When H.A. and Stan, long-time members of Lawrence Farmers Cooperative, decided to purchase a 1952 John Deere at a 1988 farm show, their mutual love of farming quickly morphed into a second shared passion — antique tractors. By 2018, the pair had amassed an impressive collection of 50-plus tractors, with 40 fully restored and the rest in various stages of repair.

“I reckon we never saw an old tractor we didn’t like,” says Stan. “We’ve got red ones and orange ones, an Oliver or two. We even had a couple of little Fords, but we sold them.”

The oldest tractor in the collection, a 1947 WC Allis Chalmers, is a nod to H.A.’s childhood.

Even with a variety of makes and models in their collection, they obviously have a favorite — the John Deere 4020. The Threets own eight of them, a tractor type the company stopped producing in 1972.

“That’s what I grew up with, so I’m sentimental about them,” explains Stan. “Dad just loved them, especially a 4020 with a roll bar canopy on it. You couldn’t hardly scald Daddy off of that.”

Stan says he and H.A. enjoyed displaying their restored beauties at antique tractor shows over the years, adding that many of the events no longer exist. However, one farm show remains a mainstay of the region after more than 20 years, and faithful attendees have H.A. to thank for the annual Lawrenceburg event; he donated a large portion of the venue rental fee for the city’s inaugural Crossroads of Dixie Antique Tractor Show, which featured 300 antique tractors. Last year, the 21st Crossroads of Dixie showcased more than 900 tractors. The show also includes a widely popular tractor-pulling contest, and many of the antique models are used to compete.

Every year, H.A. has been a fixture at the Crossroads show, positioning himself at the event’s front gate and greeting everyone as they enter.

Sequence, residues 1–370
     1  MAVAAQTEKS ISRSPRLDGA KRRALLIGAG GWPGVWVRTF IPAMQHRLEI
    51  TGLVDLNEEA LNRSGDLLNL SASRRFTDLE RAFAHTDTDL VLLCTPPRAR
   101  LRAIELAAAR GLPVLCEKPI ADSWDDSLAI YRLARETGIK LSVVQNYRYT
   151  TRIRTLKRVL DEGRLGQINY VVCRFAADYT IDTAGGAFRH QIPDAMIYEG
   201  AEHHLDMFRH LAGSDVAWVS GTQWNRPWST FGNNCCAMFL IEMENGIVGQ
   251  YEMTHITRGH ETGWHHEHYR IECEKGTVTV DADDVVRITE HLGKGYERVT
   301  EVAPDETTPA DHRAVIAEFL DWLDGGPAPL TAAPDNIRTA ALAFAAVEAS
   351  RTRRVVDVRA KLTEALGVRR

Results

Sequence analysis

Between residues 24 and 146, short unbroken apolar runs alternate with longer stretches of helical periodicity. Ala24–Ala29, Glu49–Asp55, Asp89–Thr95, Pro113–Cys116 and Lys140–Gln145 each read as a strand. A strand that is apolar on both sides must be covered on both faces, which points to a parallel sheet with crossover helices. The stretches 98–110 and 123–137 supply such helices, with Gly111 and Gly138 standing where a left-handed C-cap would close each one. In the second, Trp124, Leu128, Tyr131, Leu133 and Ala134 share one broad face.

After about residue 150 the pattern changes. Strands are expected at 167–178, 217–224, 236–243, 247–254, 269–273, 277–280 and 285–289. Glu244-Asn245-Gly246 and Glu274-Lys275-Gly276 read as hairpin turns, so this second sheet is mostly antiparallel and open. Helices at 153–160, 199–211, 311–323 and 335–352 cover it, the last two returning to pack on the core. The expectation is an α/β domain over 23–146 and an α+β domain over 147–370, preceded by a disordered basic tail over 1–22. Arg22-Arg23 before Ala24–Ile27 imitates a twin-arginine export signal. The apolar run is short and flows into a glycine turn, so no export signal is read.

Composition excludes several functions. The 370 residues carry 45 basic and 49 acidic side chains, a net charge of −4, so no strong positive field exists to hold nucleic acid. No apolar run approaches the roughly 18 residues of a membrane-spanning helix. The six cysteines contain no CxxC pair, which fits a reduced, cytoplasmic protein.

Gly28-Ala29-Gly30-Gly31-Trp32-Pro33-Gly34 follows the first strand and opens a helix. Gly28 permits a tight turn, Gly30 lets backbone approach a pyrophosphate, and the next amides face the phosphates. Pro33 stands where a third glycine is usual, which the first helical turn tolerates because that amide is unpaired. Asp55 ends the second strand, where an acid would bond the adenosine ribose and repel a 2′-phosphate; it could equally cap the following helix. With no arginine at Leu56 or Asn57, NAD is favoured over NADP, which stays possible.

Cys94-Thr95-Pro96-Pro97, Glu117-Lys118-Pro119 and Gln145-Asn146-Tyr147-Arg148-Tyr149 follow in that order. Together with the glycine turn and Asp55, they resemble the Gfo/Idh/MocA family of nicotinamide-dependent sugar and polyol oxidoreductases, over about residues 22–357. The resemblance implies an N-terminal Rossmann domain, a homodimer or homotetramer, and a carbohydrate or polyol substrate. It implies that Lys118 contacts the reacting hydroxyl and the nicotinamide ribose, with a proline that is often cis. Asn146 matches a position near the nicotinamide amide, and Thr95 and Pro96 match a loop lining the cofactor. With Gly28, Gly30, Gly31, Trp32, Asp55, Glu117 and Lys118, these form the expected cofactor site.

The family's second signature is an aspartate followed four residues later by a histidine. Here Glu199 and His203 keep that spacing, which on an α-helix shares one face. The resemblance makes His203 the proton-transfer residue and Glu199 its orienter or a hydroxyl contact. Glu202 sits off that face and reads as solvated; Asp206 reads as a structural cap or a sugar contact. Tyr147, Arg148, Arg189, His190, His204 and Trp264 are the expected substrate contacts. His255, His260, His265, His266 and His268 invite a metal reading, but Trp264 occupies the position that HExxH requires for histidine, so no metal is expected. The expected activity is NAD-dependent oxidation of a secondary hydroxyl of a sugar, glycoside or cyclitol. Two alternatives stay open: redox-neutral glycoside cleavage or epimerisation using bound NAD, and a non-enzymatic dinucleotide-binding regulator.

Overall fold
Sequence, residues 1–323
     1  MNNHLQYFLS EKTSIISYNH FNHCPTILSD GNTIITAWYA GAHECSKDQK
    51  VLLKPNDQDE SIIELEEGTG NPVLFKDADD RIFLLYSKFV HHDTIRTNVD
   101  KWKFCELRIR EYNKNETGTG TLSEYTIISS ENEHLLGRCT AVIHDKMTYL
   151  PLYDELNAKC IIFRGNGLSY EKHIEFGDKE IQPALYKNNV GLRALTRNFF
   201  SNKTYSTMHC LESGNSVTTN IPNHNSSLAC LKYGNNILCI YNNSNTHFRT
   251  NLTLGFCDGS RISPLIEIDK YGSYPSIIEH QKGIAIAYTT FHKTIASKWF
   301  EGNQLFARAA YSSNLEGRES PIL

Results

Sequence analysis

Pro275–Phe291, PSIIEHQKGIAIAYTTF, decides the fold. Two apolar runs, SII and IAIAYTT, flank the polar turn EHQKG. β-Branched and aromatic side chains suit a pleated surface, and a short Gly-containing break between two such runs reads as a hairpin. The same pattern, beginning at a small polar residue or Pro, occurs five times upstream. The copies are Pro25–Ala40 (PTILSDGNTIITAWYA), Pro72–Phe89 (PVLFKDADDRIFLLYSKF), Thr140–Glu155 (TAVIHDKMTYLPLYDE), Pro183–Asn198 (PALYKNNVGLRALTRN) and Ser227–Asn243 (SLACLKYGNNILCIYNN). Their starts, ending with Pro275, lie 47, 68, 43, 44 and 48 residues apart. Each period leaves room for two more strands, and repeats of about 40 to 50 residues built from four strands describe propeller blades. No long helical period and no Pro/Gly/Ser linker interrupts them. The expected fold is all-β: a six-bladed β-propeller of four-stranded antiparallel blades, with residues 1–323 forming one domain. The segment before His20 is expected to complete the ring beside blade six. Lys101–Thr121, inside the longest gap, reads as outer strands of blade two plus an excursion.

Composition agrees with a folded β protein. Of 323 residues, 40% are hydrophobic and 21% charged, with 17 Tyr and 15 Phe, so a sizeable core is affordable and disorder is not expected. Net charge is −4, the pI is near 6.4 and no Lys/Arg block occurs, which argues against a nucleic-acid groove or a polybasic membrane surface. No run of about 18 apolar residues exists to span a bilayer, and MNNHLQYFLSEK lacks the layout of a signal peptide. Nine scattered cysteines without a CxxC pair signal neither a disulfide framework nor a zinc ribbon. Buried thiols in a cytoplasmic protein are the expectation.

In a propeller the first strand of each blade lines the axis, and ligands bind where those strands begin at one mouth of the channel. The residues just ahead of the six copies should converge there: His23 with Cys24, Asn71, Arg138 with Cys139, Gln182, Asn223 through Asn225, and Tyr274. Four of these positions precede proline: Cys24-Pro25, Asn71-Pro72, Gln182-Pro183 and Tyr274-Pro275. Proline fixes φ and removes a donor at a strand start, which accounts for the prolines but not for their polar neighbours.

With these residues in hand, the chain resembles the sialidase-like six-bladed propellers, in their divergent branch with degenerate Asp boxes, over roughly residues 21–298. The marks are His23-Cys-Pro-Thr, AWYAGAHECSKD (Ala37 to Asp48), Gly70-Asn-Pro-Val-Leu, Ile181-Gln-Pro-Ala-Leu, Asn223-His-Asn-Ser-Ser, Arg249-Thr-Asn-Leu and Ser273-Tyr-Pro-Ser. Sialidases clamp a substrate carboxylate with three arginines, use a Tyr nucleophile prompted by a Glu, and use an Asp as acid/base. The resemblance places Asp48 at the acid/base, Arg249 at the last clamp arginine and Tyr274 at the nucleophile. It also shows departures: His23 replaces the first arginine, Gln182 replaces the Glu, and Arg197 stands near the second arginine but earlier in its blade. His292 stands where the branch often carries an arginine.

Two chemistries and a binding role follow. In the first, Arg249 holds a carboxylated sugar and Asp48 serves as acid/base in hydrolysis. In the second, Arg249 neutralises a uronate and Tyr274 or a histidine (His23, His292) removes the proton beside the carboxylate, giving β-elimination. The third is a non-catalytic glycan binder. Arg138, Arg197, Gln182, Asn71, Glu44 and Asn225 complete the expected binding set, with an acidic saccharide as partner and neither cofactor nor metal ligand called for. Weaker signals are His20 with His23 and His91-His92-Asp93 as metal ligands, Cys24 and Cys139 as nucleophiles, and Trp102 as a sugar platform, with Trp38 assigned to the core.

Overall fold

“A lot of people tell me,” says Ben, “that the reason they come to the show each year is to say ‘hi’ to Pops and shake his hand.”

However, it was H.A.’s competitive fashion statement — a John Deere cap worn backwards — that gained him devoted fans.

“It all started because PaPaw and Daddy competed in the same class,” says Hollie. “He didn’t want to lose to Daddy, so he got his tractor all ‘souped up.’ The first time he drove it down the track, his hat flew off, and he ran over it with the sled. After that, he’d turn his cap around backwards so it wouldn’t fly off when he competed. It wasn’t long before people in the stands were turning their hats around, too, especially the little kids, when it came his turn to pull. Even the announcer would say something like, ‘The hat’s turned around, folks; things are about to get serious.’ He loved that tractor-pulling contest and just stopped competing in it a few years ago.”

For this year’s event, the Threets say they plan to take 30 tractors from their collection to the show. The family only owns one antique puller currently, and Ben will compete with it. (The event was held Aug. 17-18, after The Cooperator’s press time.)

There’s no doubt the two-day show will be bittersweet for those who enjoyed seeing H.A. greet and compete, especially his family and close friends.

“It’s gonna be tough this year to be there without him for the first time,” says Stan.